In “Letter from a Birmingham Jail” King wrote, “ smothering in an airtight cage of poverty…”. This is one example of how King uses metaphor to compare “smothering in an airtight cage of poverty” to the poverty of what African-Americans had to face.
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In his letter, King uses metaphor to get the reader to envision the pain African-Americans encountered. When King wrote, “living constantly at tiptoe stance,” he was speaking up about how colored people didn’t have an idea of what was going to happen next. It supports Kings point because he’s speaking up about how colored people felt. The intended effect it has on the reader is to show them how intimidated colored people were, they always had to question themselves because they felt nothing was ever going to change. This quote reminds of my life because I’m always approaching life slowly and hesitantly because I don’t want to make any mistakes.
Another way, King uses metaphor is when describing how racism reached his child, and he had to “see ominous clouds of inferiority beginning to form in her little mental sky” when he had to tell her that “Funtown is closed to colored children.” This example supports Kings point because he’s been trying to reach people with his words but unfortunately he wasn’t able to because his struggle became his child’s struggle. The intended effect it had on the reader is to get them to sympathize with his struggle of having to tell his daughter that she couldn’t have fun like the other children because she was “colored” and he didn’t know when that would change.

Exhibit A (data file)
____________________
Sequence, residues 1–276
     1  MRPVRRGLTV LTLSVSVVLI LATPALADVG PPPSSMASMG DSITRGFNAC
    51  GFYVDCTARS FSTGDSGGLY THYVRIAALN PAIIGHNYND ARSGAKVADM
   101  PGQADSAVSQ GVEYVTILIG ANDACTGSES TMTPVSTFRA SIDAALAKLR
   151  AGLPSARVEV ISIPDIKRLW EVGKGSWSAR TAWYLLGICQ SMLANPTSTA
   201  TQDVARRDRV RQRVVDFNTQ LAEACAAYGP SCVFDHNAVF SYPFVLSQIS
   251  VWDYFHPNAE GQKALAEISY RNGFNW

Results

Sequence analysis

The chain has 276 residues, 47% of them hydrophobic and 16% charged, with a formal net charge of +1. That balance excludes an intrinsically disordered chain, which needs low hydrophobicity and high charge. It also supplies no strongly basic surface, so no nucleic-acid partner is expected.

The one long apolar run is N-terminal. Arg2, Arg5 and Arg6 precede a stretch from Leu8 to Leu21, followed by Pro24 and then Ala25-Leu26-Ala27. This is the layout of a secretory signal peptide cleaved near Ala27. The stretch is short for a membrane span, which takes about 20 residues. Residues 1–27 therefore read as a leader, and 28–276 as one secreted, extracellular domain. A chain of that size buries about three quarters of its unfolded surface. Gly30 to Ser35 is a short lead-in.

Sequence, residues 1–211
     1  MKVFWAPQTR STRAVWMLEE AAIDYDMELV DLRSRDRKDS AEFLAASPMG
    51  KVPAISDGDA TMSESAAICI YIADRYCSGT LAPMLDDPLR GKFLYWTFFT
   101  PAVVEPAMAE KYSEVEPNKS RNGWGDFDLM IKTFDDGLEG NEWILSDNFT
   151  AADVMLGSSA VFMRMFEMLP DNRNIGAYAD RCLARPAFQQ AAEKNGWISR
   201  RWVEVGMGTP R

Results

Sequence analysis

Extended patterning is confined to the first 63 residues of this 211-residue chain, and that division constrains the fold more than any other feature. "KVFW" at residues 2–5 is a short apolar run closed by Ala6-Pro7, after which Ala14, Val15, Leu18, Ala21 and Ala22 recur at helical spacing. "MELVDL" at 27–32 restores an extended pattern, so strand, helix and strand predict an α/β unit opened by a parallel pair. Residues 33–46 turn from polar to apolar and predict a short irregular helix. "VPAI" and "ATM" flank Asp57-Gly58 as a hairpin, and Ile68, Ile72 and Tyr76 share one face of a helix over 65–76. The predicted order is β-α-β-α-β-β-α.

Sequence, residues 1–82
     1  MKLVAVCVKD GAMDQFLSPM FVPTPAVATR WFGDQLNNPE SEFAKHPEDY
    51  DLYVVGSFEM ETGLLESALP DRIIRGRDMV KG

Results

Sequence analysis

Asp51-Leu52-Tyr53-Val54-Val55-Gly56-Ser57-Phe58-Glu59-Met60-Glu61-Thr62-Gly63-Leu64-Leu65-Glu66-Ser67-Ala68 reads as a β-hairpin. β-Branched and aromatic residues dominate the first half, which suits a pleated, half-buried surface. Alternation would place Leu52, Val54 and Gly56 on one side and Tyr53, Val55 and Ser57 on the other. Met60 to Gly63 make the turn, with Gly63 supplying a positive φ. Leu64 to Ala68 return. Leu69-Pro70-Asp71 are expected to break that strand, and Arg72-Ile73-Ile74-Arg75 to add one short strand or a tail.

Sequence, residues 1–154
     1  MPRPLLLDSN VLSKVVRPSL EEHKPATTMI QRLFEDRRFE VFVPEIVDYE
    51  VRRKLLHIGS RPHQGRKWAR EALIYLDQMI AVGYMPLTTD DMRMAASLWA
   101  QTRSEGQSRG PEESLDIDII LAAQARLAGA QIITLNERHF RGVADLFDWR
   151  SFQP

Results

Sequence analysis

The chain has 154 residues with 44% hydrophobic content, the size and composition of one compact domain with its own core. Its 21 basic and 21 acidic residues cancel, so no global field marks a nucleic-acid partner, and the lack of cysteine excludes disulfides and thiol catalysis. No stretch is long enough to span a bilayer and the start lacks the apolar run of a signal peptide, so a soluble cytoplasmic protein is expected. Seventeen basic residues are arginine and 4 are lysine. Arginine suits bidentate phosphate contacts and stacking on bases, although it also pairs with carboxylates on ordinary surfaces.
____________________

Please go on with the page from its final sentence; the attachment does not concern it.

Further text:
Also, to make the reader think about the times when they were young and having fun without a care in the world because they knew even though they got sick, when that situation was over, they could have fun again. This situation reminds me of when I was younger and I had to watch my siblings have fun without me because I had the chickenpox. It felt like a nightmare that would never end because I had no idea when it would, my siblings never had it. I didn’t know when my struggle was going to end because it was a new disappointing condition.
Martin Luther King Jr. utilizes metaphor to communicate his thoughts and what he went through to the reader. He did this so he can get more people to sympathize with the struggles African-Americans went through. He reveals these struggles because he wanted to change the injustices his family, friends and other African-Americans had to face in their daily life, some since they were born.
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